Solar Wind on the Moon

Solar Wind: Mad Science at the Lunar Surface

As you read this sentence, the Sun is blasting a barrage of charged particles (electrons, protons, and other ions) out into the solar system. We call this ongoing stream of material the solar wind. On the Moon, solar wind is more or less an everyday affair. An invisible electric breeze bathes the sunlit lunar surface, growing calmer for a few Earth days each month as our planet’s magnetosphere provides a partial shield. Lunar scientists know the solar wind as a chemical factory, a landscape artist, and more.

Shelter from the Solar Wind

To understand why solar radiation is such a big deal on the lunar surface, let’s compare the Moon with its closest companion: Earth. Our planet has two layers of protection that the Moon lacks—an atmosphere and a global magnetic field.

What are global magnetic fields, and why do they matter?

All magnets are surrounded by invisible force fields. Earth is a planet-sized magnet with a gigantic magnetic force field to match. This global magnetic field helps to shield us from the harsh conditions of space. Without it, much more radiation would reach Earth’s surface.

Illustration of the invisible magnetic field that shields Earth from solar wind and other space radiation. (Not to scale)

What about the Moon? Does the Moon have a magnetic field?

The Moon is not a magnet, so it has no global magnetic field, although some areas on the Moon have localized magnetic fields. With no magnetosphere, and almost no atmosphere, most of the lunar surface is directly exposed to solar wind and other space radiation.

Mysterious Swirls and the Magnetic Moon

Small magnetic field bubbles shield parts of the lunar landscape from solar wind and ‘sunburn’.

Photo of the Moon's surface with swirls
Lunar Reconnaissance Orbiter image of Lunar Swirl Reiner Gamma.
NASA/Goddard Space Flight Center/Arizona State University.

In areas that are magnetically protected, the ground stays relatively bright. Just outside of the shielded regions, radiation-induced chemical reactions darken the landscape. In other words, the magnetic field bubbles act as a sunscreen.

These striking patterns are called “lunar swirls”. We can think of lunar swirls as the Moon’s tan lines!

The Moon as a Chemical Factory

There’s water on the Moon, and some of its atoms may come directly from the Sun. Together, the Moon and the solar wind have everything it takes to make water molecules (two hydrogen atoms and one oxygen atom, or H2O). Oxygen atoms are bound in rocks and particles on the lunar surface. Incoming solar wind breaks some of these oxygen atoms’ chemical bonds, freeing them to form new connections. The solar wind also brings the other essential ingredient for water: hydrogen.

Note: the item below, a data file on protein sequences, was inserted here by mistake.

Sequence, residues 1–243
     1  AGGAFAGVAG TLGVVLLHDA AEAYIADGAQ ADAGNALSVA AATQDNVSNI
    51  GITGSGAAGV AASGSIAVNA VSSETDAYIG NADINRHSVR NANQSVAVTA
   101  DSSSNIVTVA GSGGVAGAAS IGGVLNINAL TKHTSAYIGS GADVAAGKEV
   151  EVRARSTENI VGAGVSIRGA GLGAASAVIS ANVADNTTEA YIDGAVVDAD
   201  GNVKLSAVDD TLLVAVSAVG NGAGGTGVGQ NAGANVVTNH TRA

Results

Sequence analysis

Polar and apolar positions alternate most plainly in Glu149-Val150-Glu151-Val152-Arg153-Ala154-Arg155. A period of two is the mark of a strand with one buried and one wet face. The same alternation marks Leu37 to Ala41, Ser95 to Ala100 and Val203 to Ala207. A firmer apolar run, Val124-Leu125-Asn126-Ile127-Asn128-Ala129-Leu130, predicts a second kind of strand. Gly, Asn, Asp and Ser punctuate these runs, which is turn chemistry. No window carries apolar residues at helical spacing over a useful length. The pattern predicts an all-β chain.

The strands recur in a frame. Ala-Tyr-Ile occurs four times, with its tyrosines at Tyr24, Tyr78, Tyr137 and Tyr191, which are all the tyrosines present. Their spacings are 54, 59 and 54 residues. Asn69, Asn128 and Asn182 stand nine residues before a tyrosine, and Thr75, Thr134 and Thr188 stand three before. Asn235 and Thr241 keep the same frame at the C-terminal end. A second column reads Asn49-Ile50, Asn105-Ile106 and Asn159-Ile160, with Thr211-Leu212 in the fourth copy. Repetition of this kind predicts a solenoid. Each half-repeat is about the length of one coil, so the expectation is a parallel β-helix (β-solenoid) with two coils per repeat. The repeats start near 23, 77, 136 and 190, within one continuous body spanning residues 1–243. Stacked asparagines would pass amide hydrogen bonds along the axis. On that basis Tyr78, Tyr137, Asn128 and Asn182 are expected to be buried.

Together, the solar wind and the lunar surface contain the elements needed to make water. In the first panel of the cartoon, the yellow rain-like symbols represent invisibly tiny charged particles – the solar wind.
NASA/JoAnna Wendel.

As solar wind floods the Moon, these ingredients and processes combine to produce pairs of oxygen and hydrogen atoms (also called hydroxyl, or OH, molecules). NASA scientists use simulations and spacecraft data to understand how lunar hydroxyl molecules form, where they end up, and if they could be useful to future astronauts in search of water.

This May Come as a Shock, But…

Incoming solar wind charges the lunar landscape with static electricity. Have you ever shuffled your feet against a carpeted floor and found that you’re able to deliver a tiny electric shock? That’s static electricity at work! Thanks to the solar wind and other radiation, astronauts and robots crunching across the Moon’s powdery surface build up static electricity, too. For these explorers and their equipment, a stray spark could cause serious problems.

But solar wind is not just a source of electricity—it can also be a way to discharge built-up volts. The Sun’s radiation acts as an electrical conductor (in other words, electricity can travel through it). Apollo astronauts relied on the solar wind and electrical currents released by solar ultraviolet radiation to carry excess static charge safely away. This is a natural way to discharge electricity from spacesuits and equipment before it becomes dangerous, like “grounding” (releasing an electric charge into the ground) on Earth.

Data visualization showing the movement of shadows near the Moon's South Pole over the course of two lunar days, which is approximately two months on Earth.
NASA’s Scientific Visualization Studio

In the Moon’s deepest shadows, beyond the reaches of sunlight and solar wind, built-up static electricity does not have such an easy escape route. Offloading extra energy will require creative solutions. This is one of the challenges engineers and scientists are working to address as NASA prepares to explore craters near the Moon’s South Pole, where some parts of the lunar surface are shrouded in permanent darkness.

Writer: Caela Barry, NASA's Goddard Space Flight Center
Science Advisors: O.J. Tucker, Bill Farrell, NASA's Goddard Space Flight Center

Keep Exploring

Discover More Topics From NASA